Sex Crimes

Judge Overturns Conviction in 'Cannibal Cop' Case About Violent Online Fantasies


Of course there were jokes about … OMG GOOOOOALLLLLL!

A federal judge has ruled that New York City ex-cop Gilbert Valle's online fantasies of kidnapping and eating women were exactly that – a fantasy. Though a jury convicted Valle in 2013 because they believed his online conversations indicated he wanted to carry out his rather unusual sexual fetish in the real world, a federal judge has overturned the conviction. From the Associated Press:

Judge Paul Gardephe ruled late Monday that there was insufficient evidence to support the conviction of Gilberto Valle, defense attorney Julia Gatto said Tuesday.

"The judge's well-reasoned decision validates what we have said since the beginning: There was no crime," she said. "Gil Valle is innocent of any conspiracy. Gil is guilty of nothing more than having unconventional thoughts."

I wrote about the case last year, worrying about whether he had been charged on the basis of his dark fantasies being extremely disturbing to the average person. But he had also used his access to a police database to actually track one of his fantasy targets. Judge Gardephe, though, in an 118-page ruling, determined there was no actual evidence to indicate a real plan to kidnap anybody. From The New York Times:

Judge Gardephe wrote that "once the lies and the fantastical elements are stripped away, what is left are deeply disturbing misogynistic chats and emails written by an individual obsessed with imagining women he knows suffering horrific sex-related pain, terror and degradation.

"Despite the highly disturbing nature of Valle's deviant and depraved sexual interests, his chats and emails about these interests are not sufficient — standing alone — to make out the elements of conspiracy to commit kidnapping."

Prosecutors are appealing the decision. According to the Times, they asked for Valle to be detained for the appeal, but the judge refused. He was released to home detention. His conviction for illegally accessing the police database still stands.

NEXT: NSA Allowed to Spy On Pretty Much Anyone, Anywhere, Documents Reveal

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  1. Truly two classes of people. Good thing he did actually break the law. That’ll at least ensure he doesn’t keep his badge.

    1. Ummm, are you new here?

      1. Sorry, I may have been unclear:

        The judge upheld Mr. Valle’s conviction on a second count, of illegally gaining access to the law enforcement database, which carried a maximum sentence of one year. Mr. Valle was fired by the Police Department upon his conviction.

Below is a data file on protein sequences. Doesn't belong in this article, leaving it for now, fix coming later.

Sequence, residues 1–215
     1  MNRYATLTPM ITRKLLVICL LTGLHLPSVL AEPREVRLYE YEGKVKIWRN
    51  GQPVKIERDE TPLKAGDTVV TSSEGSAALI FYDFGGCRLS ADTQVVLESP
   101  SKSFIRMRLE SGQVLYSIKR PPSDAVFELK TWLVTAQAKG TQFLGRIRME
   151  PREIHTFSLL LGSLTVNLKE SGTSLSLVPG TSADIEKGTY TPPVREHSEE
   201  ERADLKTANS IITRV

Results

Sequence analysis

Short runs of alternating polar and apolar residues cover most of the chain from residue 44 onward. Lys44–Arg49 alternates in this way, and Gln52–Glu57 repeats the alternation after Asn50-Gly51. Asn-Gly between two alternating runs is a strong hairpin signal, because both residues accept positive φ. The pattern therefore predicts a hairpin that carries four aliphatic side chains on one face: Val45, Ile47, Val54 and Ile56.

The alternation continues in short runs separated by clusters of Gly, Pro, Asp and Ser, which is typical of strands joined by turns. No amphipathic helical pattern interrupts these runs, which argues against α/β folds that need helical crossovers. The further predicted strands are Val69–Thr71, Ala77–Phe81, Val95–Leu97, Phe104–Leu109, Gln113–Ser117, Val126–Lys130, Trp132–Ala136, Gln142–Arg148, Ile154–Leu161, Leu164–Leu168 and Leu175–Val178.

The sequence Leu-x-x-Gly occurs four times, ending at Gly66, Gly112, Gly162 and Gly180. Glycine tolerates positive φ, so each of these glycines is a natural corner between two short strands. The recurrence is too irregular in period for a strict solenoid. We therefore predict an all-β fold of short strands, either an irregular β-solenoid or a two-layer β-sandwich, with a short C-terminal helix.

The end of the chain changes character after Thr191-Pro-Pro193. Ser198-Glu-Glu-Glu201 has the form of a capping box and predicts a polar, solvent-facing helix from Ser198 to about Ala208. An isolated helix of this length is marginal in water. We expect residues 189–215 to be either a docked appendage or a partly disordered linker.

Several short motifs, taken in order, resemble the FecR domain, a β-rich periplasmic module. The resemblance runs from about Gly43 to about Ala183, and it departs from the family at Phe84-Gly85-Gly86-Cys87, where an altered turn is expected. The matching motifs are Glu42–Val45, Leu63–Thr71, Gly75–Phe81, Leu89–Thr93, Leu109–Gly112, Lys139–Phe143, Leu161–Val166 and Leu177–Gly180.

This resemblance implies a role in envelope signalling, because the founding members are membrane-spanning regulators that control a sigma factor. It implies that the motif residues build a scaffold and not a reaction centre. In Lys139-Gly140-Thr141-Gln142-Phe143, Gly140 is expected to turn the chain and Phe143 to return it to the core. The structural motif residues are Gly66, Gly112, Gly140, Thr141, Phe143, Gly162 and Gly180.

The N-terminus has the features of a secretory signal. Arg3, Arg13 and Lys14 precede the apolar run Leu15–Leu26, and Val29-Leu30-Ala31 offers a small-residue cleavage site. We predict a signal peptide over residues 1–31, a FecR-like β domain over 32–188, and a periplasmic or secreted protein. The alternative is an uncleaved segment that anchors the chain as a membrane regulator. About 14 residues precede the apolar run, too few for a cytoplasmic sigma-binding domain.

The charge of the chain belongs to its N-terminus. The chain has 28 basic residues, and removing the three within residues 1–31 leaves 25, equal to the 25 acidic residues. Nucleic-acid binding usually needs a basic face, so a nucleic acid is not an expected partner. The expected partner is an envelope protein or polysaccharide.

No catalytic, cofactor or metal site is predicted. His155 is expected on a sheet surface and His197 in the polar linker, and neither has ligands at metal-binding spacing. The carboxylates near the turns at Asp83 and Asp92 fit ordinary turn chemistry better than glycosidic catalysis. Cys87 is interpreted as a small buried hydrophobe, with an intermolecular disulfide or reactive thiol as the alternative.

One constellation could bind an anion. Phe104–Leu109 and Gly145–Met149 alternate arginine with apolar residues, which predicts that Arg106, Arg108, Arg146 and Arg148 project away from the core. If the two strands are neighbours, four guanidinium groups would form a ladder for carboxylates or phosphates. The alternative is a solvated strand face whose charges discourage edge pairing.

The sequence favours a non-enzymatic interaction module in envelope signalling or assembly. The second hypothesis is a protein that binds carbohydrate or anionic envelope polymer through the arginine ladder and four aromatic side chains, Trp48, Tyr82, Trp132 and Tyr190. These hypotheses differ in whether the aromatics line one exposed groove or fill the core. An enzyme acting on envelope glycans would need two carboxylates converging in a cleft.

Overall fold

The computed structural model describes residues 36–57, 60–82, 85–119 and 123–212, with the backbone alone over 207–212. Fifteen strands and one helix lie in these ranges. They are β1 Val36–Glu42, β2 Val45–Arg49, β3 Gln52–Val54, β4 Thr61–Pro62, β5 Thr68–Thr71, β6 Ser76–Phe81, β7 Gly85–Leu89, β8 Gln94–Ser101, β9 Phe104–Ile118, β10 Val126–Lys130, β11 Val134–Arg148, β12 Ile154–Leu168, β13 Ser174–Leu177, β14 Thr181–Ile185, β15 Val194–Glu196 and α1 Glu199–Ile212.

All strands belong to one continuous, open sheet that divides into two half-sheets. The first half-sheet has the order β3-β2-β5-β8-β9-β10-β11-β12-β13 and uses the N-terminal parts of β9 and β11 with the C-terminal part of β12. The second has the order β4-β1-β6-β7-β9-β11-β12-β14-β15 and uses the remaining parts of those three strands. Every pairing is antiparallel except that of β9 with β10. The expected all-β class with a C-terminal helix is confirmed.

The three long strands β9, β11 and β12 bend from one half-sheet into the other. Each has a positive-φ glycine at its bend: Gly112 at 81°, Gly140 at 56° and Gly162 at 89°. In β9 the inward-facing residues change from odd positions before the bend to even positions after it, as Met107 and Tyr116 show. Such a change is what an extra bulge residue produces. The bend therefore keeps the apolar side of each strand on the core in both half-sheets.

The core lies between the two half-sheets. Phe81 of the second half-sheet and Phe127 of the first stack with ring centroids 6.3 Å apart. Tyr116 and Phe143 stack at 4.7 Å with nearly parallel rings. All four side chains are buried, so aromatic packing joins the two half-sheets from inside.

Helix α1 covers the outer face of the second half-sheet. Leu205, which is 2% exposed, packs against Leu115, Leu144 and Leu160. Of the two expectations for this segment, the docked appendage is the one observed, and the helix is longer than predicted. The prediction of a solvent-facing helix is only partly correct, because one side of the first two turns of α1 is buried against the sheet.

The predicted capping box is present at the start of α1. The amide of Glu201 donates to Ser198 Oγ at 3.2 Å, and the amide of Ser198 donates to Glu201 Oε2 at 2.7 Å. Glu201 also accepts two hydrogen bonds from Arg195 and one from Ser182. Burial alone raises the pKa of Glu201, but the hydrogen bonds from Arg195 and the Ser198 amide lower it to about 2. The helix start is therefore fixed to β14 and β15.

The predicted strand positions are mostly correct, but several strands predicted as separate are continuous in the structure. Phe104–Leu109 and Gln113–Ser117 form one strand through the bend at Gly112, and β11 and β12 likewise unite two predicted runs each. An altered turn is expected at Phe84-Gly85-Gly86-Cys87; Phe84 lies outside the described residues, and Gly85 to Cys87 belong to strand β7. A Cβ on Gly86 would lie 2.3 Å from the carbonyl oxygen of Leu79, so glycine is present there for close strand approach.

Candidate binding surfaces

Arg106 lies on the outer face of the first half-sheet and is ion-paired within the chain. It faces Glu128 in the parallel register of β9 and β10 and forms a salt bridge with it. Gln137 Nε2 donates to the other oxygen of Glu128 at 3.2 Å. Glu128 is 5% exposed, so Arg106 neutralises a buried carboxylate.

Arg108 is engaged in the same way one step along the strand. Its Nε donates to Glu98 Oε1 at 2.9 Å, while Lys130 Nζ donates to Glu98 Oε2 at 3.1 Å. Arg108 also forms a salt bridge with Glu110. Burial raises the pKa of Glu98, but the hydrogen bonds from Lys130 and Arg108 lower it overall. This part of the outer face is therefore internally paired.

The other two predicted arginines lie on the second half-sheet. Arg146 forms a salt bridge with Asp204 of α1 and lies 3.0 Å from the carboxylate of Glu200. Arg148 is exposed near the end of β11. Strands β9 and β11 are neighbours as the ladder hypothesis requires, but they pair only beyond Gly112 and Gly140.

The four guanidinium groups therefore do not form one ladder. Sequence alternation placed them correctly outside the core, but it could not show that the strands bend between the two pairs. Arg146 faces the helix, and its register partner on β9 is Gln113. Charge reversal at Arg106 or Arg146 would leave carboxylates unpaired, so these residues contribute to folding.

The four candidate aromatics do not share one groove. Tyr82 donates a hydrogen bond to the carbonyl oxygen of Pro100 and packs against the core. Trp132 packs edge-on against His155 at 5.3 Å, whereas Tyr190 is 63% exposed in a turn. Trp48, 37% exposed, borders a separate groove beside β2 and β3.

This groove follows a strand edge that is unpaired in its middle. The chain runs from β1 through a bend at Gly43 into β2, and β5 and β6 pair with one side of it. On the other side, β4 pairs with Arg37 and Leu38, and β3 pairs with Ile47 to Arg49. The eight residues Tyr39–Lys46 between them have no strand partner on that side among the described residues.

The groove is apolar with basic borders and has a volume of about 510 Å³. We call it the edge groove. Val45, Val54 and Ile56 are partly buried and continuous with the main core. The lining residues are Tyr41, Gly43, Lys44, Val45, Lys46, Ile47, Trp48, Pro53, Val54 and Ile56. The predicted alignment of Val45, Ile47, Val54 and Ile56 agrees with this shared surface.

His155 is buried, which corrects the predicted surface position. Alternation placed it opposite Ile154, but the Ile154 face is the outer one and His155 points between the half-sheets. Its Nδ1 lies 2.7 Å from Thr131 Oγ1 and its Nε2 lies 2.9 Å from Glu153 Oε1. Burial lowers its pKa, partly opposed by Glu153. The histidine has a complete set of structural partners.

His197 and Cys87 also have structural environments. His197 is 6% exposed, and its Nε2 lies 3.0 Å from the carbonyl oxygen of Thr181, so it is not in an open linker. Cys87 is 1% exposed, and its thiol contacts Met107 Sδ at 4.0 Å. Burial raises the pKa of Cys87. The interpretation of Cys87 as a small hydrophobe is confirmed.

Sounds like he’s out. Hopefully.

        I was just saying its a good thing he did do that (the unauthorized access), because the “I want to kill women” part wouldn’t have gotten him fired/convicted on its own, apparently.

        1. Police have done far worse and got their jobs back. We’ll have to wait and see. Besides, he can still be hired by another police dept.

          1. I’m hoping it’s a felony conviction. That would ban him from police employment, right?

            1. Bwahahaha

          2. Not in New York. If you’re terminated for cause (as this twerp was), you lose your certification. He might be able to get a cop job, but it won’t be in New York.

  2. I wonder if the person he tracked is aware of it?

    Yet one more reason not to go to New York.

    1. It’s not very fair to discount the entire city due to the morbid obsessions of one officer.

      Especially when you can wait until the next time deBlasio opens his gob for a good reason to avoid New York.

      1. That’s why I said “yet one more”.

  3. Wow, very mixed emotions on this one. One, how did this psycho get a job as a cop?…nevermind. Two, though I am not a fan of thought crimes, for this turd maybe we should make an exception. Three, ladies memorize this face, if you see this man, run. Wait, this is a libertarian site, there are no ladies here.

    1. He actually tracked one of his intended victims by inappropriate use of a police database. I think this moves away from typical thought crime because he actually targets individuals. He’s not just saying he hates jews, or whatever. The process has already gone so far as to choose specific victims.

      1. Then, that does change things. What was the judge thinking then? Nevermind. Restore this hero to the force!

  4. I didn’t know Warty was taking Prot?g?s?

  5. “Gil is guilty of nothing more than having unconventional thoughts.”

    With all due respect, isn’t that the worst crime of all?

  6. They sent him home with his mother. How does that conversation go?

    “What would you like for dinner, son?”

    1. +1 Hannibal Lecter

  7. Well, conspiracy requires two or more people. Who was the other conspirator, I wonder? If there wasn’t somebody else involved, then the conspiracy claim fails right out of the gate.

    Most likely, though, it failed because conspiracy requires more than just chit-chat about committing a crime. It also requires an “overt act” (or somesuch) toward committing the crime, where the overt act is itself illegal. His access to the database may have been illegal, but may not have been an overt act.

    1. There was another conspirator. A guy from England, I believe? I honestly can’t remember all the details but there was another guy, who I think also said it was just roleplaying.

  8. I want this guy on a permanent psych hold.

  9. Can’t we just keep the conviction in place? I’m sure that being a cop, there’s something awful he did we didn’t catch him on.

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